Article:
BROWNFIELD, TIEDEMANN: Voters Don’t Want Public Transportation, But That Isn’t Stopping Cities From Pushing It

Joshua Roberts/Reuters

Font Size:

Expanding public transit is a tough sell these days. As The Onion aptly jibed, “98 Percent Of U.S. Commuters Favor Public Transportation For Others.” And as cities and states struggle to convince voters to spend more money on services they don’t want, officials in Phoenix are turning to an illegal solution — spending public resources to advocate for, well, more public resources.

Across the country, the headlines tell a similar story: Public transportation isn’t working well, officials are looking for more money for it, and passengers are turning away. Transit officials in Boston are asking for more funding, pointing to delays and other service issues in the city’s subway system. Southeast Michigan transit leaders withdrew a multi-billion dollar plan to expand regional public transportation after it became apparent that voters weren’t going to get behind it. And in Los Angeles, commuters would rather drive in the region’s notorious traffic than deal with long wait times for the bus, and bus ridership has been falling as a result.

Now, in a little over a month, voters in Phoenix, Arizona, will go to the polls to vote on a proposition that could end future construction on the city’s unpopular light rail system. But it appears that Phoenix’s regional transit system has been using taxpayer money to sway these votes — and that’s against the law. 

Valley Metro provides public transit in Phoenix and its surrounding areas, including light rail. That system, which began operating just over 10 years ago, has faced ire from taxpayers, who have questioned the need for light rail in a metro area where suburbs, sprawl, and automobile commuting dominate. The emergence — and popularity — of ride-sharing platforms like Uber and Lyft have only continued to fuel taxpayer objections to light rail. In 2018, light rail ridership dropped 4.4 percent from the previous year.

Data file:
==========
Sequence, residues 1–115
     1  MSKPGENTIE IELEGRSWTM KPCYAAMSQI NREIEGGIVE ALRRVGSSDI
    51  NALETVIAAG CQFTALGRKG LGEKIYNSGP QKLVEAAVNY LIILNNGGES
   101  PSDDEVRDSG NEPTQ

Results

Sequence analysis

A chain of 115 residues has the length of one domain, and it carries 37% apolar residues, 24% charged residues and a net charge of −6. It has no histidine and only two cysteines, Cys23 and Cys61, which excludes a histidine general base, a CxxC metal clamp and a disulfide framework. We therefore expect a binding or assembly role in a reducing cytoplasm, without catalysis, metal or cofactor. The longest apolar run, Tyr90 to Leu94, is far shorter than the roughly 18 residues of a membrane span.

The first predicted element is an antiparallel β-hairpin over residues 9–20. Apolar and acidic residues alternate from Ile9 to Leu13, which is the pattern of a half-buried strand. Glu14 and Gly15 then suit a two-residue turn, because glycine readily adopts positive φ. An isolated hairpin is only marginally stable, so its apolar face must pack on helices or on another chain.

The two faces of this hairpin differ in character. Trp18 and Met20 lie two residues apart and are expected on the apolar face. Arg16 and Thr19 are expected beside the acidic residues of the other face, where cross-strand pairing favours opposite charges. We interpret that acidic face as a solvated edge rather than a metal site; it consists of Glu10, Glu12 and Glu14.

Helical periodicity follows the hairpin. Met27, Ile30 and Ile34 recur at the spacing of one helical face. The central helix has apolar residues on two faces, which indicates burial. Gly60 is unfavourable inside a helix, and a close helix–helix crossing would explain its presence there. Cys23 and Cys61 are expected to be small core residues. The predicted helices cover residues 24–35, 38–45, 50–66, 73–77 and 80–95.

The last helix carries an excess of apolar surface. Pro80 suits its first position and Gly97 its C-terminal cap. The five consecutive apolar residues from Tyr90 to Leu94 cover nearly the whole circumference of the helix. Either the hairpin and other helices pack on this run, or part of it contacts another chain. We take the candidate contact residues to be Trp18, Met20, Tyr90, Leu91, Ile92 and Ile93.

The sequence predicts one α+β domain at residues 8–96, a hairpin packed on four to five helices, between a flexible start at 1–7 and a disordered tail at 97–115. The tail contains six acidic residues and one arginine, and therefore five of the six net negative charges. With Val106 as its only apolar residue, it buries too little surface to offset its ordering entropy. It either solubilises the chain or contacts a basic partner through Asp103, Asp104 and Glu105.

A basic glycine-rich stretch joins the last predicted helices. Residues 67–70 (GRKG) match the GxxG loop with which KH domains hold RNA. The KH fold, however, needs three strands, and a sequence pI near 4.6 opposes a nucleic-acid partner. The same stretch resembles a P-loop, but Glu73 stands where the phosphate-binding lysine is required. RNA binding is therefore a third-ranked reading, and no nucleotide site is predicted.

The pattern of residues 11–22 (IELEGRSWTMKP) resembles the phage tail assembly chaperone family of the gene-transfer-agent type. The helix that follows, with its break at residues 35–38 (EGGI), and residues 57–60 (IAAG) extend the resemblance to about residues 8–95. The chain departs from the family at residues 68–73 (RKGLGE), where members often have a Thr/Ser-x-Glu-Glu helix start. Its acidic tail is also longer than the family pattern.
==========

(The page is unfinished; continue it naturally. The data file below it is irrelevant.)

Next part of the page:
After city leaders approved an expansion of the light rail system into south Phoenix — which would have made traffic even worse in an already congested part of the city — taxpayers had had enough. Many signed on to a petition that ultimately garnered enough signatures to put Proposition 105 on the city ballot this August. Should the proposition pass, light rail expansion would be halted in Phoenix, with transportation revenues directed to other areas. 

Valley Metro clearly has a dog in this fight: As the city’s transit system, it obviously wants to see Phoenix light rail expansion continue. And so Valley Metro and its leaders have publicly spoken out against Proposition 105. It appears that Valley Metro CEO Scott Smith has spoken at public events during which he attempted to influence public opinion regarding Proposition 105. Furthermore, Valley Metro’s official website offers reasons as to why the proposition ought to be defeated. 

Smith told one publication that Valley Metro is simply engaging in a legal campaign to educate the public about light rail. But Valley Metro has taken a clear position, touting the benefits of light rail in an effort to change the public’s thinking about the system. That’s electioneering — and it violates Arizona state law.

The Valley Metro story is simply the latest example of an effort to push public transportation on people who don’t want it. And what’s even worse is that the light rail system’s biggest proponents — those who work for it — are now flouting the law, using taxpayer funds to advocate for its expansion. Next month, these taxpayers have the chance to say “thanks, but no thanks.” 

Mike Brownfield (@MikeBrownfield) is the communications director, and Jennifer Tiedemann is deputy communications director, for the nonprofit Goldwater Institute in Arizona.

The views and opinions expressed in this commentary are those of the author and do not reflect the official position of The Daily Caller.